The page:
On September 3, 2015, the Ninth Circuit provided additional guidance into compensability of commute time under the California Labor Code in Alcantar v. Hobart Service, 800 F.3d 1047 (9th Cir. 2015).
Plaintiff Alcantar was a service technician who performed certain maintenance and repair services. Although he was assigned to a branch, Alcantar spent most of his time driving between his home and customer locations in an employer-provided vehicle where he carried various tools and replacement parts for the repairs he was required to perform. Hobart Service paid Alcantar for the time spent driving from his home to the first customer location and from the last customer location back to his home only if the commute exceeded his commute to and from his assigned branch. (more…)
The U.S. Supreme Court’s October 2015 Term began hearing arguments on October 5, 2015. As with most of the Court’s terms, there are at least four or five labor and employment cases that may have significant impact for employers. Below, are a couple of these cases: (more…)
On October 11, 2015, Gov. Brown declined to sign AB 465. The proposed legislation would have made it unlawful to require: “another person to waive any legal right, penalty, remedy, forum, or procedure for a violation of any provision of [the California Labor Code], as a condition of employment, including the right to file and pursue a civil action or complaint with, or otherwise notify, the Labor Commissioner, state agency, other public prosecutor, law enforcement agency, or any court or other governmental entity.” In other words, the legislation sought to make arbitration agreements as a condition of employment a violation of California law. (more…)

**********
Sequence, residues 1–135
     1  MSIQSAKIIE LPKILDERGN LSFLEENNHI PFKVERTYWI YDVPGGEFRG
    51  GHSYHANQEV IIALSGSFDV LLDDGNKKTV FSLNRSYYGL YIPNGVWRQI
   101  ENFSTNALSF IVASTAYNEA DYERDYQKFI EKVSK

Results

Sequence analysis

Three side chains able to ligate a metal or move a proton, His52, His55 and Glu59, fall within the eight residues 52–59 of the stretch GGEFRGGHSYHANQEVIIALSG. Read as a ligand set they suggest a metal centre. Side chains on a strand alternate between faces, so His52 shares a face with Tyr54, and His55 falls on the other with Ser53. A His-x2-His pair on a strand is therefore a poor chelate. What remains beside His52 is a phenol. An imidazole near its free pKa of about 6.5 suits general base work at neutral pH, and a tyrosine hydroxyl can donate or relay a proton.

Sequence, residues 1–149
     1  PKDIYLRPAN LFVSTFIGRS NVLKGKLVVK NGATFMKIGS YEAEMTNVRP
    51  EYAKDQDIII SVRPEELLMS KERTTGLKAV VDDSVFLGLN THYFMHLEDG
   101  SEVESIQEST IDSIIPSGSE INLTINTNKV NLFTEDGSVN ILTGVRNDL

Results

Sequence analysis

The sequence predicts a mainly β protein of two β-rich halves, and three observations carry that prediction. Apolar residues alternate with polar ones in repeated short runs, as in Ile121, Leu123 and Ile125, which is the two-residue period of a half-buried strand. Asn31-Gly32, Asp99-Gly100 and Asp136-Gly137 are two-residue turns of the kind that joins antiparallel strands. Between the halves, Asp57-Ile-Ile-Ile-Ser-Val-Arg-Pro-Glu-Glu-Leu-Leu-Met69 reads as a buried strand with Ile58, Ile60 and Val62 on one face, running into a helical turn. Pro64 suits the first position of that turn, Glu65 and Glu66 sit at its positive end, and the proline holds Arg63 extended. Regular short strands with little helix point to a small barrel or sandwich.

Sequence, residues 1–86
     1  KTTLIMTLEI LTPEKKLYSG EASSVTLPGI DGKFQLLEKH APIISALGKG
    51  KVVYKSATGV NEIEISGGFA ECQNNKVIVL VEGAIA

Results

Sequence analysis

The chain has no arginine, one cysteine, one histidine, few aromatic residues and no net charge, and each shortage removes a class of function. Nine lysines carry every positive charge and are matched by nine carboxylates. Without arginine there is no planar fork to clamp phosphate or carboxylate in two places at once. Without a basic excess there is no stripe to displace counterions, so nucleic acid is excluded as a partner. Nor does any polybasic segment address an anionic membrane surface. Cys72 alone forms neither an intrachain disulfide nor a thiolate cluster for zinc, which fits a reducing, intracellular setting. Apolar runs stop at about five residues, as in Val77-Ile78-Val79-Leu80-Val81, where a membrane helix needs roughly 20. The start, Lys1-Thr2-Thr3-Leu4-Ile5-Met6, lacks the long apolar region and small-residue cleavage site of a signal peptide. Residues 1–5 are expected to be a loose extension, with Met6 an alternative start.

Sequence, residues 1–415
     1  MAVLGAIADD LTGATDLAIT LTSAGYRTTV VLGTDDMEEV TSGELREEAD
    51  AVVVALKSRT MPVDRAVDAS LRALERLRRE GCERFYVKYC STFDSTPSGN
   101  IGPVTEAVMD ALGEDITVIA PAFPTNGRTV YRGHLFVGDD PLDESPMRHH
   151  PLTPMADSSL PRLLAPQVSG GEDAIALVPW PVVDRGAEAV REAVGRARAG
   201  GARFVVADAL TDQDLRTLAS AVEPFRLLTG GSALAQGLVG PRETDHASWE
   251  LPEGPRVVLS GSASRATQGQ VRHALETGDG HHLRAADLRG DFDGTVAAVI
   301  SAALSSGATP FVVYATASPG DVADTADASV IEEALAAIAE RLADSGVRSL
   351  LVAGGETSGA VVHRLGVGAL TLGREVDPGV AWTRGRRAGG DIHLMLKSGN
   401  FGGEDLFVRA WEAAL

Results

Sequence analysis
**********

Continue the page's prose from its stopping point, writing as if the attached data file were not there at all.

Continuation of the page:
On October 6, 2015, Gov. Brown signed Senate Bill (SB) 358 (the “Fair Pay Act”). The Bill makes a number of changes to existing law as discussed in our previous blog. The Fair Pay Act will take effect on January 1, 2016 and will be one of the strongest equal pay laws in the nation. Once in effect, employers may begin to see more complaints filed with the California Division of Labor Standards Enforcement (DLSE) and in court alleging failure to provide equal pay. (more…)
On October 6, 2015, Gov. Brown signed Senate Bill (SB) 358 (the “Fair Pay Act”). The new law will take effect on January 1, 2016 and will be one of the strongest equal pay laws in the nation.
Under existing law employers were prohibited from wage rate differentials based on sex in the same establishment for equal work on jobs the performance of which requires equal skill, effort, and responsibility. Existing law also recognized exceptions to the prohibition where the payment is made pursuant to a seniority system, a merit system, system that measures earnings by quantity or quality of production, or a differential based on any bona fide factor other than sex. (more…)